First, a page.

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The famous Webb Ellis Cup has made the trip to San Diego and will be on display for this week’s crucial Rugby World Cup 2019 qualifier match between USA and Canada. After the first leg in Hamilton, Ontario, the contest could not be more evenly balanced on the scoreboard after that game ended in a thrilling 28-28 draw.
Both teams had late kick chances to win the match but neither was able to capitalise on those opportunities so they head to southern California with it all to play for.
Rugby fans in USA will have a rare opportunity to get up close to the iconic trophy as it goes on display before and during the match in University of San Diego's Torero Stadium as well as making a number of appearances in schools and public places during its brief but packed visit. On Tuesday, players at the San Diego Youth Camp, run by former international sevens players Dallen Stanford (USA) and Marc Stcherbina (Australia) got to see the famous cup up close during their week-long camp (see photo above; Credit: USA Rugby).
World Rugby Chairman Bill Beaumont said: “The Webb Ellis Cup is an instantly recognisable symbol of our sport and it is important for it to be accessible to rugby fans everywhere. San Diego may not be seen as a global hotbed of the game but Americans who follow the sport do so with just as much passion as anywhere else.
“With a very special Rugby World Cup 2015 fresh in our memories, we are excited to be following the North American qualification process for Japan 2019. What is special about this process is that there is a genuine and clear pathway for member unions to make it to the tournament and we know that unforgettable moments will be shared by the players and teams who are beginning their Rugby World Cup journey. Ambitious unions can use qualification for rugby's showpiece tournament as something to aim for and, in the years to come, I believe we can expect to see new teams make their Rugby World Cup debuts.
"The winner of this two-leg tie will be the first qualifier for Japan while the other team will head for a play-off against the South American champion. I can’t say if they too will make it all the way to Japan but the point is that they have the chance to do so. In many ways, Rugby World Cup is not just a tournament of 20 teams but in fact it is designed to include all 103 full member unions. I would like to thank RAN, USA Rugby and Rugby Canada for hosting these matches and for being part of this great tournament.”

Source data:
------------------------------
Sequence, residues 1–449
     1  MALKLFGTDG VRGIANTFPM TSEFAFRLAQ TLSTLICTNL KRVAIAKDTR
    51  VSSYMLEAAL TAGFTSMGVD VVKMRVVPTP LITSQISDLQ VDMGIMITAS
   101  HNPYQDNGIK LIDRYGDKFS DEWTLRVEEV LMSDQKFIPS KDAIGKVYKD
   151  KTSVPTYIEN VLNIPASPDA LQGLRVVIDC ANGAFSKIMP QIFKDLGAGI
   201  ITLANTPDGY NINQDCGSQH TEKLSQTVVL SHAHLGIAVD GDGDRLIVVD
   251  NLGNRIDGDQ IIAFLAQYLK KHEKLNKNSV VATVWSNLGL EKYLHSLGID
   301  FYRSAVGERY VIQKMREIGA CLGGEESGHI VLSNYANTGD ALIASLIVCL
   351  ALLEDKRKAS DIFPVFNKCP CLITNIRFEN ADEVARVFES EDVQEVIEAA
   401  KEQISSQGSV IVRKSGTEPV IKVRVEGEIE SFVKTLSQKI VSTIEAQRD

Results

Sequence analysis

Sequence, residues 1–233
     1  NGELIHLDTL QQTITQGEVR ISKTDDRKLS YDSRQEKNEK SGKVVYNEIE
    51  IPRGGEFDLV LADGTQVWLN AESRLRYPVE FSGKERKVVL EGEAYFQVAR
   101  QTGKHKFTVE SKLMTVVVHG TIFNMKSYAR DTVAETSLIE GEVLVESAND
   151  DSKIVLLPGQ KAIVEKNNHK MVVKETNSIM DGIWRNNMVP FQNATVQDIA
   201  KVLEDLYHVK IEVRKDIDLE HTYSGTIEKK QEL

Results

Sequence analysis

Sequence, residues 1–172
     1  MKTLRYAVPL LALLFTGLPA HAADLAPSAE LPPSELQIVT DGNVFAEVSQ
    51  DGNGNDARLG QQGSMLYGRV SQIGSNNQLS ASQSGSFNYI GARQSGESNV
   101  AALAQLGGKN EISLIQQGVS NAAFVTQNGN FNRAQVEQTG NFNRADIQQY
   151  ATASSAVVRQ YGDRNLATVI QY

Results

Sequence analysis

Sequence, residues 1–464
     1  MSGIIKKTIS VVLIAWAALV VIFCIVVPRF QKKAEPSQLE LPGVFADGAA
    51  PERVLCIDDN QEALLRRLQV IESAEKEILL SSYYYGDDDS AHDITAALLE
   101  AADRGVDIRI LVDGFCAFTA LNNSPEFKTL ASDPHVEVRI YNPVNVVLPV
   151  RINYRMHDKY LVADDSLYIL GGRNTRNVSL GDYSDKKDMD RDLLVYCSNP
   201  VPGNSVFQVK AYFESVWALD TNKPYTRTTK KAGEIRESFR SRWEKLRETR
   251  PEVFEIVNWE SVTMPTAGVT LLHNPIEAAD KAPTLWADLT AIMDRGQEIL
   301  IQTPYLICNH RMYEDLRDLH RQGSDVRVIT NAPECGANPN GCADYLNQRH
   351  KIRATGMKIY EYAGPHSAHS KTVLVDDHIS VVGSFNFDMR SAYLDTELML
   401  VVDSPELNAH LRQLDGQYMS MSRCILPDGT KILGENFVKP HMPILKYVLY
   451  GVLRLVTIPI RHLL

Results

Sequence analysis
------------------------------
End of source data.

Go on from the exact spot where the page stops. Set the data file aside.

The Eagles will start the second leg of the tie as slight favourites as they have not been beaten by Canada in their six previous encounters and they will benefit from the home ground advantage. But the North American rivalry is fierce and you would be foolish to discount Canada with their proud history and available talent. The Canucks have never lost to the USA in this equivalent fixture for previous Rugby World Cups and they won’t want to start now.
Tickets for the game are on sale and disappearing fast as Americans sports fans rush to see what their national team can achieve on the global stage. In addition, a live stream of the game can be viewed at WorldRugby.org.
RWC QUALIFICATION PROCESS PROMOTES INCLUSIVENESS
USA Rugby CEO Dan Payne said: “Every four years, more than 100 countries get the opportunity to play for the Webb Ellis Cup in one of the greatest sporting competitions on the planet. The top 20 make it through to the tournament itself and only one team takes the cup home. But what makes the campaign for the Rugby World Cup title unique and enthralling is the magnitude with which the competition intertwines countries from across the globe with the inclusiveness of the game itself.
“Dozens of nations spend years trying to qualify for Rugby World Cup. Some navigate the various qualifying avenues quadrennial after quadrennial and succeed – while others continue to pursue qualification cycle after cycle pushing for the opportunity to take part. When you see the Webb Ellis Cup in your home country, knowing what it symbolises throughout the world, and kids' smiling faces reflected in the gold, it's obvious why the worldwide rugby community gets as excited for the world’s largest and most prolific rugby event every four years.
“Southern California has a long history of successful club rugby. More importantly, it has been the fastest-growing region for youth and high school rugby throughout the past five to seven years. To be able to bring this match and the cup itself into one of our hotbed communities provides that next-generation rugby player with an unparalleled first-hand opportunity to appreciate the magnitude of the event. It'll provide added meaning to the trophies they'll play for in the fall, in the spring, and in years to come as young boys and girls envision themselves wearing the Eagles jersey and proudly representing their country at Rugby World Cups in the future."
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With 12 teams having secured their place at Japan 2019 courtesy of finishing in the top three of their respective pools, the remaining eight places will be determined by a process of regional and cross-regional qualifiers and, for the first time, a stand-alone round-robin repechage tournament to determine the final qualifier in 2018. All qualified teams will be known by November 2018. Meanwhile, the pool allocation draw for RWC 2019 will take place in May 2017 in Japan.
This RWC 2019 qualifier is not the only big rugby event on the horizon in the USA with next year's Rugby World Cup Sevens 2018 taking place in San Francisco from 20-22 July. Tickets for the tournament, which is being staged for the first time ever in North America, will go on sale with exactly one year to go on 20 July. To sign up for advance notice on tickets, click HERE.
THE COUNTDOWN TO #RWC2019 BEGINS HERE!
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